2. why are they pushing it like this is what NY wants? a majority of Districts here in ny voted against his illegal 3 day gun grab push. furthermore; its not even about just criminals, we forget its about tyrants to. they report the “Million Mom March” (note the caps, only 26 showed up on that bridge- a lot of kids to) but they dumb down the 7000 that showed up and continue to show up at the capital. they neglect to tell you about the majority of LawEnforc. against this entire thing. NY has drones in the sky; stop and frisk (like prison);cameras on every corner; warrantless searches; and overmilitarized city police that cant shoot. If anyone is listening NY is out of control, and a police state.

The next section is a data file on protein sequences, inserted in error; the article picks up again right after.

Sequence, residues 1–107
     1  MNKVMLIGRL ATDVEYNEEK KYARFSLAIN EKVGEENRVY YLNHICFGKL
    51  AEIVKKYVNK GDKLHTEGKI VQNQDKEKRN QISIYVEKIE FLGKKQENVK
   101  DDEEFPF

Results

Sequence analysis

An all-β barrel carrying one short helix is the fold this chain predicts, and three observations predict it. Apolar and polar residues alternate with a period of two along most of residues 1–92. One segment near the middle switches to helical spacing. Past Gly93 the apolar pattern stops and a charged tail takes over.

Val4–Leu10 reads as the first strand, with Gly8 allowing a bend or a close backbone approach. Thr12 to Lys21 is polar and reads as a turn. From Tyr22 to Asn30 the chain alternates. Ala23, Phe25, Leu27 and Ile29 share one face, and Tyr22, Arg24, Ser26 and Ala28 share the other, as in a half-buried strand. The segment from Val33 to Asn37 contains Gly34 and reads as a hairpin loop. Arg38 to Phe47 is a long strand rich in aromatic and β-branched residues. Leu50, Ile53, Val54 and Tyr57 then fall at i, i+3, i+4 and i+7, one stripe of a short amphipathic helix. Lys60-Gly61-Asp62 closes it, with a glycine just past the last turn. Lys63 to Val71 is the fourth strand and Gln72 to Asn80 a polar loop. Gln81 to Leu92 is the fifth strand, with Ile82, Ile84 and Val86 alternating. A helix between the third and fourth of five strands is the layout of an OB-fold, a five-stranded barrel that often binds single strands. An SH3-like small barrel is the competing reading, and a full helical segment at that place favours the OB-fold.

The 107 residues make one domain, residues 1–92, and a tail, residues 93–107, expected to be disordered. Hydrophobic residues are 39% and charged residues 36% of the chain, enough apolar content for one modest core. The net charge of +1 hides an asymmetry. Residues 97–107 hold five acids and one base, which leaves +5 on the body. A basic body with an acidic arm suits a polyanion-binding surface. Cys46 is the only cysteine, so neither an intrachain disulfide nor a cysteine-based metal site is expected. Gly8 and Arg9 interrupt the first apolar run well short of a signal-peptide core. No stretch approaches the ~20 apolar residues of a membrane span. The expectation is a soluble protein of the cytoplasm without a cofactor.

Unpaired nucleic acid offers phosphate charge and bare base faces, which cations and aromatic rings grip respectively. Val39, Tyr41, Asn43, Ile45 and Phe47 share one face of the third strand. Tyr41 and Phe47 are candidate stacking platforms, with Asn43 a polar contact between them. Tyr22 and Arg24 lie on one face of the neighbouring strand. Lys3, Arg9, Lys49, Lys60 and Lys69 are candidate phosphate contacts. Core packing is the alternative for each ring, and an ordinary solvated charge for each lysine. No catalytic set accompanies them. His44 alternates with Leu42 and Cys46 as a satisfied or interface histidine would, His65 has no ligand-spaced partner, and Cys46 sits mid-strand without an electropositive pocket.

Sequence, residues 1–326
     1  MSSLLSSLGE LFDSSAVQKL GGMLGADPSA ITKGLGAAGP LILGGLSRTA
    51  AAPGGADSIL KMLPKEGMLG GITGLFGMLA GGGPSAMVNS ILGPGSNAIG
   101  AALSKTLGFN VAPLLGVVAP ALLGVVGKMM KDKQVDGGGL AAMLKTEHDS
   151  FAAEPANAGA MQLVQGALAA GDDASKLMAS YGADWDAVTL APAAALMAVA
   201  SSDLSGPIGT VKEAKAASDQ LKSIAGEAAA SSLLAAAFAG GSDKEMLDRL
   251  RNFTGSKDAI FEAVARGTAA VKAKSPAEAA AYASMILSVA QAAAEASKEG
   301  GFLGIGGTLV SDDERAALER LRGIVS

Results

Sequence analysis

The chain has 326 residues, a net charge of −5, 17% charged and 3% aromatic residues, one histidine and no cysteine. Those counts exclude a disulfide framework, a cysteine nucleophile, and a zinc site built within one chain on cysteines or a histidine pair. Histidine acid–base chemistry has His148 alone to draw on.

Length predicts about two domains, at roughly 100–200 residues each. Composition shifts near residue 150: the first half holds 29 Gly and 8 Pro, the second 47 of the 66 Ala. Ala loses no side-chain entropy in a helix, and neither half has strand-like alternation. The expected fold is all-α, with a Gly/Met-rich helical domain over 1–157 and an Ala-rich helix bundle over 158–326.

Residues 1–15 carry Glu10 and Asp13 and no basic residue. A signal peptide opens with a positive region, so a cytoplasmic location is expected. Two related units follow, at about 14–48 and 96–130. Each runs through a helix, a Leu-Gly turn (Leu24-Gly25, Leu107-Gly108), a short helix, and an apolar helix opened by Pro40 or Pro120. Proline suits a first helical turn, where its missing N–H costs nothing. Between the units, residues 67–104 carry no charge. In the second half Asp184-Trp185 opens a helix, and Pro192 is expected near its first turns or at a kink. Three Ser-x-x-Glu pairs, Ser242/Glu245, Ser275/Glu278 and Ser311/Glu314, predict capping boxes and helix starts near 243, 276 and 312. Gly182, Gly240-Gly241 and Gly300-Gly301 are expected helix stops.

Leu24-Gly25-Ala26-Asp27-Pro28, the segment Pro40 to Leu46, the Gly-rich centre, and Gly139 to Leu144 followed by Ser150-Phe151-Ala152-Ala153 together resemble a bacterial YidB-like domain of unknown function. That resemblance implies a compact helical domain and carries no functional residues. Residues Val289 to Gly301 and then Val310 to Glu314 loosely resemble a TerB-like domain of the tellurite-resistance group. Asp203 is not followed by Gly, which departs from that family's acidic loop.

3. It was just the hysterical reaction and underhanded implementation of overly restrictive gun laws in these states that caused gun rights activists, hunters and shooters to circle their wagons and stop any federal efforts. It seems evident that their national political aspirations are over and the voters will remember in November.

  4. It was the hysterical reaction and underhanded implementation of overly restrictive gun laws in these states (particularly in NY) that caused gun rights activists, hunters and shooters to circle their wagons and stop any federal efforts. It seems evident that their national political aspirations are over and the voters will remember in November.